With commuter cycling on the rise in the City, this new amendment seeks to support current riders and encourage new ones, while decreasing congestion and air pollution. The DCP website outlines the details, including the fact that these bike parking areas would not count toward a building’s floor area.

ULURP for this proposal will begin with review by all community boards starting November 17.

Photo of indoor bike parking at a Portland, Oregon office building by Mark Stosberg on Flickr.

Last night’s Obama win is truly a victory for community organizing. As he mentioned in his victory speech, his win can be traced, at least in part, to grassroots organizing tactics. Our congratulations go out to all the volunteers who worked tirelessly on his campaign.

Under an Obama administration, community-based planners and other city advocates have much to gain. His urban policy shows that our President-elect truly cares about creating and maintaining livable, sustainable cities. Here are a few highlights:

  • Obama has pledged to fully fund the community development block grant program. Recipients of CDBGs “must develop and follow a detailed plan that provides for and encourages citizen participation.” In New York City, CDBG funds are used to create affordable housing; provide public services such as day care and senior centers; fund improvements to local businesses; and support many other initiatives, from local arts projects to community gardens.
  • Obama is dedicated to improving infrastructure, but with sustainability in mind. His policy states: “Our communities will better serve all of their residents if we are able to leave our cars, to walk, bicycle and access other transportation alternatives. As president, Barack Obama will re-evaluate the transportation funding process to ensure that smart growth considerations are taken into account.”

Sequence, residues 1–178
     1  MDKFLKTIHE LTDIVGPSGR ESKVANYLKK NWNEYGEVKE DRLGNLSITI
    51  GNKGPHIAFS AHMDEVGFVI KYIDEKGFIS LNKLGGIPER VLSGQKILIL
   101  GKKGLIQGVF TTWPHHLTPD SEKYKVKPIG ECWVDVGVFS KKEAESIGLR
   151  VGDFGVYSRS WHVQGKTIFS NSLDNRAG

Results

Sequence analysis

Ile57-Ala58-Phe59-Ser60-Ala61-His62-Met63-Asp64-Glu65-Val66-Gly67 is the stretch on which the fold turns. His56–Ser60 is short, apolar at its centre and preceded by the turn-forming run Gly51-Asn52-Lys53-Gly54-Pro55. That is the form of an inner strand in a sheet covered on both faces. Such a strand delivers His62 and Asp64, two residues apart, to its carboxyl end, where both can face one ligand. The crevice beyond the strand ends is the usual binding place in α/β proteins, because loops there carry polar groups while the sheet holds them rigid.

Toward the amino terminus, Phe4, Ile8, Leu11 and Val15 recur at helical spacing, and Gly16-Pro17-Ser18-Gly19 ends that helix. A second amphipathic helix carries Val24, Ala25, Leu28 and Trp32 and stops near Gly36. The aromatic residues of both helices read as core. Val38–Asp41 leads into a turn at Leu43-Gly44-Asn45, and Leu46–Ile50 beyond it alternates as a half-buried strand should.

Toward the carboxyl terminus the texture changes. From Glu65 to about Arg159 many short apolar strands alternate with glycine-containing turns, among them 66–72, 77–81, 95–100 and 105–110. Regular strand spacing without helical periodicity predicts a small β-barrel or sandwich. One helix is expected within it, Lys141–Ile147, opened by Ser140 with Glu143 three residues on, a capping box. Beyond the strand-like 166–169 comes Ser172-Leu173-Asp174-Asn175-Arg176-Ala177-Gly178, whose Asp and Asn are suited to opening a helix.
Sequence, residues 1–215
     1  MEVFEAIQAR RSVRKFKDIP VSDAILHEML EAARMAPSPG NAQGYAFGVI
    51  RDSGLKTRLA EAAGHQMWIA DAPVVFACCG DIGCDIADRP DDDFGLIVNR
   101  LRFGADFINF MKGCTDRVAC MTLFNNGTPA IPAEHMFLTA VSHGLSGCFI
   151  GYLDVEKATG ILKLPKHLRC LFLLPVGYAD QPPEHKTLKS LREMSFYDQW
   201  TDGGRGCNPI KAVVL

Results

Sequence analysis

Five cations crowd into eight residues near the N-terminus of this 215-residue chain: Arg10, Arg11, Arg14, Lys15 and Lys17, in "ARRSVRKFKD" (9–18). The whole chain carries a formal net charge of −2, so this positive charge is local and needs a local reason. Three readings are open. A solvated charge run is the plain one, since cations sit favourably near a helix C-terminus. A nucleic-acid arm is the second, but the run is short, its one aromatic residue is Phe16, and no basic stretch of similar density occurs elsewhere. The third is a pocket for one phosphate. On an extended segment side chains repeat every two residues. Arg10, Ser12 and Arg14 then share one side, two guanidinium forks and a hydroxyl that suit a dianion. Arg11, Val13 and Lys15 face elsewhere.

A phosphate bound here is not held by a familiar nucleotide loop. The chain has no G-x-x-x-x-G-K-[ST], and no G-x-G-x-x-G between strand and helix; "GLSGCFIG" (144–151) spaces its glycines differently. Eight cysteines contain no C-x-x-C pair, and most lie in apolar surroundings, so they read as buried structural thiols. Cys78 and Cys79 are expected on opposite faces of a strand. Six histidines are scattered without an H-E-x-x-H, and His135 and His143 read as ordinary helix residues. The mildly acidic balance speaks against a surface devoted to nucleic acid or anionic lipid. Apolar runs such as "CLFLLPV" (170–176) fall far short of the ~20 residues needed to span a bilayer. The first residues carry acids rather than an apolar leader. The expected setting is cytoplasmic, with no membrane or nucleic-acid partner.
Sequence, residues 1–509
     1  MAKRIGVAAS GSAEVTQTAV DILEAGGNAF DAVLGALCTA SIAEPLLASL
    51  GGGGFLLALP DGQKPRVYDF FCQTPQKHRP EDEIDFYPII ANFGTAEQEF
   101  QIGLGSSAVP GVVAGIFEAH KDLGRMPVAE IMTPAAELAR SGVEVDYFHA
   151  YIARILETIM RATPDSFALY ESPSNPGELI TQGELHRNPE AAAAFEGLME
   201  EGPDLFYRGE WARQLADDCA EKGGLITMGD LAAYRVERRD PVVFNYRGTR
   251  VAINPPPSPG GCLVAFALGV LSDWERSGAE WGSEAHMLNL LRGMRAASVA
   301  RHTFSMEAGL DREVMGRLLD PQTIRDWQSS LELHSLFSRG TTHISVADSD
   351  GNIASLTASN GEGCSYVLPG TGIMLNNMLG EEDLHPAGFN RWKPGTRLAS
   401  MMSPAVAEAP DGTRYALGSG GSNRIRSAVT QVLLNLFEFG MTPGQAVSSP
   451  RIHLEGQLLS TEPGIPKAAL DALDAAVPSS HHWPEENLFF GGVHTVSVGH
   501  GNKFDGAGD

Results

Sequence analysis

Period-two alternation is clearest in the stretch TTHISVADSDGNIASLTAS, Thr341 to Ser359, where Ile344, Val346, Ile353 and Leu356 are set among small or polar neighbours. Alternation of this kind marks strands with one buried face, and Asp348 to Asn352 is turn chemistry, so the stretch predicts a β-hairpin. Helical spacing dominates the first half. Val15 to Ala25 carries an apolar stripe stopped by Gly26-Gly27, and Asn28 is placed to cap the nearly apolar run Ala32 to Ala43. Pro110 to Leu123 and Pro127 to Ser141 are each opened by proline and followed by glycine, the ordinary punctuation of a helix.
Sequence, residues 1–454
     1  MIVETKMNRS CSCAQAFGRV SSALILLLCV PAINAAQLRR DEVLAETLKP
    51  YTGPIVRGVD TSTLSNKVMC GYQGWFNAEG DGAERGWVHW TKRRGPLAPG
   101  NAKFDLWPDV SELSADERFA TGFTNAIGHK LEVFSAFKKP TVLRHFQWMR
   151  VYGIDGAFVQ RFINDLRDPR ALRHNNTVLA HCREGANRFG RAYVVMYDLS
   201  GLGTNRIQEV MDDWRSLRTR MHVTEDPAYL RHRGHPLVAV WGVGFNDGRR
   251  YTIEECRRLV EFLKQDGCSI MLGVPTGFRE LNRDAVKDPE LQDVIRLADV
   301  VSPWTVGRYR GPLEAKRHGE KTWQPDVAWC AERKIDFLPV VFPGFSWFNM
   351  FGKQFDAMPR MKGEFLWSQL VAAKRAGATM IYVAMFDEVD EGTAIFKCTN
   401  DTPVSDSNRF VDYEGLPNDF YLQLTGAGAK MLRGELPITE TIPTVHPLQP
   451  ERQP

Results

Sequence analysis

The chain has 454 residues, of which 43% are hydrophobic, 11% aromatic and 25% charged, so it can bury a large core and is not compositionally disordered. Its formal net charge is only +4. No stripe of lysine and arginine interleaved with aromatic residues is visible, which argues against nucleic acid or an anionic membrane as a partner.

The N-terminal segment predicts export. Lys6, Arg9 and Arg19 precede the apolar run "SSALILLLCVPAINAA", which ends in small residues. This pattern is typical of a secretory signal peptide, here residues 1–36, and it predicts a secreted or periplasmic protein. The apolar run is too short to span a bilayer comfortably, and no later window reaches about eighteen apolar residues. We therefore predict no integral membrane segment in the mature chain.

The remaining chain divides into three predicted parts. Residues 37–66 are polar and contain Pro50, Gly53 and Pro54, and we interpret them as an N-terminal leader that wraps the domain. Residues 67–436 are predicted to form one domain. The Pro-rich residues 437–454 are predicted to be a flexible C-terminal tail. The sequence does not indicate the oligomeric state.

• Obama understands that planning and health are inextricably linked. The policy says: “How a community is designed – including the layout of its roads, buildings and parks – has a huge impact on the health of its residents.” In 2007, he introduced the Healthy Places Act, which would, among other mandates, create “an interagency working group to discuss environmental health concerns, particularly concerns disproportionately affecting disadvantaged populations,” and require the Director of the Centers for Disease control to create, “guidance for the assessment of potential health effects of land use, housing, and transportation policy and plans.”

What do you think Obama’s urban policy priorities should be in his first 100 days?

Something we missed while on vacation last week: Transportation Alternatives issued a report titled Suburbanizing the City: How New York City Parking Requirements Lead to More Driving (PDF). According to this document, New York City zoning regulations mandating parking at new residential developments will increase auto ownership rates and add over 1 billion annual vehicle miles traveled (VMT) by 2030.